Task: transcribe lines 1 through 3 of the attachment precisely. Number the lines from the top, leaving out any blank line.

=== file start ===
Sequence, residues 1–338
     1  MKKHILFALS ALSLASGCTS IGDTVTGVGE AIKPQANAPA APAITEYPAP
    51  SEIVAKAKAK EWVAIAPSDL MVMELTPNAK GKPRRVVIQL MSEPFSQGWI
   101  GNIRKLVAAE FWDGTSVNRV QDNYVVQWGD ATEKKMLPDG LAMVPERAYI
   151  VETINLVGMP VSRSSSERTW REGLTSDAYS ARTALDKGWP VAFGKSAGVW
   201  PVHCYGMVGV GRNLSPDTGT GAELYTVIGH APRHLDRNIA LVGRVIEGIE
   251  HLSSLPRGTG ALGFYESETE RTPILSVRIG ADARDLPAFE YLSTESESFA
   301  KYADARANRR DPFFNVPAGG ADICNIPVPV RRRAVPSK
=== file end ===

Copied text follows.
Sequence, residues 1–338
     1  MKKHILFALS ALSLASGCTS IGDTVTGVGE AIKPQANAPA APAITEYPAP
    51  SEIVAKAKAK EWVAIAPSDL MVMELTPNAK GKPRRVVIQL MSEPFSQGWI